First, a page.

• The best of the best gymnastics-related keepsakes. This includes special awards, medals, and trophies, select newspaper clippings from college, my first leotard and one of my last, two scrapbooks I made in high school, and my NCAA media guides from all four seasons I competed.

• Old VHS tapes and mini tapes that fit into my dad’s handheld recorder. Most of the tapes have my gymnastics competitions and recruiting videos on them but a couple house miscellaneous content like a school project I did in twelve grade. Again, this is a conversation for a different post because I’ll need to do some content-transfer to get these onto a USB where I can enjoy them but for now they are safely kept and with similar items.

There you have it! I realize this is a lot of information but hopefully I’ve presented one approach clearly enough to inspire you too, to find an organizing solution that works best for managing your keepsakes.

I’d love to know what things you keep when it comes to preserving tangible memories. How do you organize your children’s or even your own, mementos without feeling like like your home is a chaotic or cluttered catch-all? How do you decide what stays or what goes? I’d love to hear from you below! As always, a big thank you to Samantha for capturing the beautiful imagery you see here.


The Best Way

If there’s ONE thing I feel best describes my outlook on just about everything, it’s that there is always a best way. Minus a few scenarios in life where right and wrong apply in a more black and white way, I feel most situations, decisions, and methods-of can be done in a best way; parenting, taking trips, birthing babies, where and how your home looks, the career path you take, how you operate your business, your approach to finances, marriage values, making and nurturing friendships, celebrating holidays and birthdays, and the list goes on!

I can’t recall when I started looking at my life through the lens of my way being the best for me. Perhaps it was once I got into a groove as a mother with a then toddler Lachlan. But when I did, I noticed how many feelings of shame, guilt, worry, and panic seemed to disappear. It felt like making my decisions and owning them became less of a paralyzing process. I started feeling more free. I became a little more unapologetic.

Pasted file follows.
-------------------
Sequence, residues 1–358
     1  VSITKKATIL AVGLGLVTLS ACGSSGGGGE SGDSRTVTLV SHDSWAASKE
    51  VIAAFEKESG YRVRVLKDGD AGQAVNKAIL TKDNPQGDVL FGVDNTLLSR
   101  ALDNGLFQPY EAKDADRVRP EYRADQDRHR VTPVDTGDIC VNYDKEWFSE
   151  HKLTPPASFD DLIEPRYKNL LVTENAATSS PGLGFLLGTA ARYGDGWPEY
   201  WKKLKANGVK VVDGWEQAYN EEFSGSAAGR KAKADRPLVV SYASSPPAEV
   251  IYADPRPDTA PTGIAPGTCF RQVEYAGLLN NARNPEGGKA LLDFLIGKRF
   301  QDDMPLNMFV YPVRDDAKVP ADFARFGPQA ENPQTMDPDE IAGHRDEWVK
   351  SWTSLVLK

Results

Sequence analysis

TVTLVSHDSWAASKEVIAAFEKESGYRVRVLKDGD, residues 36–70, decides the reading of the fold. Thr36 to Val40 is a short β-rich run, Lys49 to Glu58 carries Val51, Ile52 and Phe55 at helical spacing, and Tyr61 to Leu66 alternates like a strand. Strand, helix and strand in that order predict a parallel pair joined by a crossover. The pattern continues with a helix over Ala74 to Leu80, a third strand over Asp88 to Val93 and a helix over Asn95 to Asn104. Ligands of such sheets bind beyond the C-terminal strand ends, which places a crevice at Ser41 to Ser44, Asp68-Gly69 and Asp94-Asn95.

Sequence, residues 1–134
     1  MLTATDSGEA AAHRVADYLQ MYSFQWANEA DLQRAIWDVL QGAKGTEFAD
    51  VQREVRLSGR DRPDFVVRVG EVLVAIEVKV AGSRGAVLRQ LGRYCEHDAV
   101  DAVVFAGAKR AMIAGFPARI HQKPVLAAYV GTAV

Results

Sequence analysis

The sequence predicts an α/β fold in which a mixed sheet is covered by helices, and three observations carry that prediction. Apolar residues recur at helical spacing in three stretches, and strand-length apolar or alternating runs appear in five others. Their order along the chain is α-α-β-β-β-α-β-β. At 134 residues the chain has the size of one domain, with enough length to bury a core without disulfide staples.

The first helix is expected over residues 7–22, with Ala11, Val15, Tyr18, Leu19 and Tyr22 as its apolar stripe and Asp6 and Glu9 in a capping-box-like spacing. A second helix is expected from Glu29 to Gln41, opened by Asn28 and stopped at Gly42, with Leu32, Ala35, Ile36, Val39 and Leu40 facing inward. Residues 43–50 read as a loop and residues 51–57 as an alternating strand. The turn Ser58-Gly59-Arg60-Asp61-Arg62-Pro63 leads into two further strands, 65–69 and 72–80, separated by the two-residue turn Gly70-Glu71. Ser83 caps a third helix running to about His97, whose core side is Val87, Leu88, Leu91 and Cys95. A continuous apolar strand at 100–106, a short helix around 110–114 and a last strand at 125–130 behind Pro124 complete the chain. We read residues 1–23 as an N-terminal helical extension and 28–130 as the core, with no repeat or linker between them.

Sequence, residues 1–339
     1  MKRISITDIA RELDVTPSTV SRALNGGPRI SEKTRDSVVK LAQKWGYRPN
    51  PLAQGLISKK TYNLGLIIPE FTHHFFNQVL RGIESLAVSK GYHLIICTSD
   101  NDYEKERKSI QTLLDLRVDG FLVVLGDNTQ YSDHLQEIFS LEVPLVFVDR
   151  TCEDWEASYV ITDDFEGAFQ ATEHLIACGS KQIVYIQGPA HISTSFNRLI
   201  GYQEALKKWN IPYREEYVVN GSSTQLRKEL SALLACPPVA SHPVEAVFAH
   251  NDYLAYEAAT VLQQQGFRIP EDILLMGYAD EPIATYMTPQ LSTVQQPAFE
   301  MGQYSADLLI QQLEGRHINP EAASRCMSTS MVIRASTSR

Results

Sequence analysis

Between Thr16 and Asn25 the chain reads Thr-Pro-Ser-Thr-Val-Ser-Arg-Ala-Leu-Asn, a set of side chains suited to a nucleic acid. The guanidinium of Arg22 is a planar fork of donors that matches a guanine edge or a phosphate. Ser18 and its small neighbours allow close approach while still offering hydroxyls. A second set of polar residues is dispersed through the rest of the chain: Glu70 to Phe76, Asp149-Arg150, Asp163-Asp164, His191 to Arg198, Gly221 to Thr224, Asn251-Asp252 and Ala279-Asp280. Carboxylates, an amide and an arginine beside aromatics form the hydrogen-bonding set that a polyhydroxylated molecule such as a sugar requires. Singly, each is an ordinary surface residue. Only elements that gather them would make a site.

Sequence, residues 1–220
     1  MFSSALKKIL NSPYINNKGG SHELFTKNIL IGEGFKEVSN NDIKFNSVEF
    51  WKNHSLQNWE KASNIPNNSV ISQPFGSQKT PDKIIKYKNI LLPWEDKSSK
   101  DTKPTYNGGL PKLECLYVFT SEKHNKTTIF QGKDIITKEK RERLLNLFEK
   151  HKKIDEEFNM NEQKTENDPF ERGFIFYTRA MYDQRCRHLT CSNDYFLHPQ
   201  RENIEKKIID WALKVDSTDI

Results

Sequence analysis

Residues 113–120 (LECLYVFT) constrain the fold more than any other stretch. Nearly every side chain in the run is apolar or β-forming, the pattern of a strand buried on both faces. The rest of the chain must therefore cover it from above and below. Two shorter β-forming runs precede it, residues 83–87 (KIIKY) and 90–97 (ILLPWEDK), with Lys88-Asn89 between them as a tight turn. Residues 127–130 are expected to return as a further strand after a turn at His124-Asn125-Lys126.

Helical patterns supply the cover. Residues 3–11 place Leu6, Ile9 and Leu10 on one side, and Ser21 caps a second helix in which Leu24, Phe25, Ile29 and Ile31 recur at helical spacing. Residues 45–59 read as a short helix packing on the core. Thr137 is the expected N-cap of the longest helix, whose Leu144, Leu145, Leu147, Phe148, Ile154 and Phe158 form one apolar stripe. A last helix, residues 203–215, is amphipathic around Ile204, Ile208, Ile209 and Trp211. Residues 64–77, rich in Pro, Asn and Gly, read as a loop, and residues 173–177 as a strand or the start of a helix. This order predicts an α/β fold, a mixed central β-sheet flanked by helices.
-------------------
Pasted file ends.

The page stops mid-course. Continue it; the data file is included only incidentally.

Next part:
While I’m all for self-improvement and always seeking to make my life more fulfilled, productive, and joyful under the influence of others (whether I’m taking information away from a book, podcast, personal conversation, blog post, etc), I’m also cool with trusting that my way is often good enough, and as a result, the best way for me.

Some tangible ways I help keep perspective on the best way apart from what’s may be consider right or wrong:

• Keeping my definition of success present in my heart and head at all times. If a way I approach something (let’s say choosing to work only three days a week) points towards my definition of success (which is in this season to be present and fulfilled both at home with my family and at work during scheduled time), then it’s best for me. While a three-day work week might not be right for a full time stay-at-home mom of triplets and it could be wrong for a woman who works 50 hours a week outside the home, it’s best for me and that’s all that matters.

• My best way is flexible and non-linear. Meaning a best way now might not be the best way in a week, month, or year. Giving myself permission to change my mind on what’s best for me and our family has been powerful. For example, the best way for me to give birth to Lachlan was as naturally as possible, with little medical intervention and medication, so I could feel like the experience was peaceful and sacred. And because as a strong-willed woman I wanted the satisfaction of overcoming the challenge. However, that best way quickly changed when a miserable labor led to a scary emergency c-section to safely deliver our boy. I’m so grateful for that flexibility (even if it was forced) because it led to a sweet little boy, and an elective surgery delivery with out second son. Sometimes what I think is the right way, becomes my best way, but then that best way changes too. That’s ok.

• Our family’s and my version of the best way may, and usually does, greatly differ from our friends’ and families’ approaches. Some of my very greatest friends have very different best ways from me. And that’s a beautiful gift I’ve come to use as an inspirational tool rather than a measuring stick. While I used to get frustrated and often feel like because their best ways were different than my best ways I must be wrong, I have now flexed my empathy and compassion muscles in new ways. Keeping perspective and remembering how personal the decision making process can be is helpful to discern between right and wrong versus best.

What are some of the approaches or systems in your life that are best for you? How do you lean into being more unapologetic with your decisions and feelings? Do you feel like your world is more black and white or does it consistently border on the grayscale? I’d love to hear more below. Xo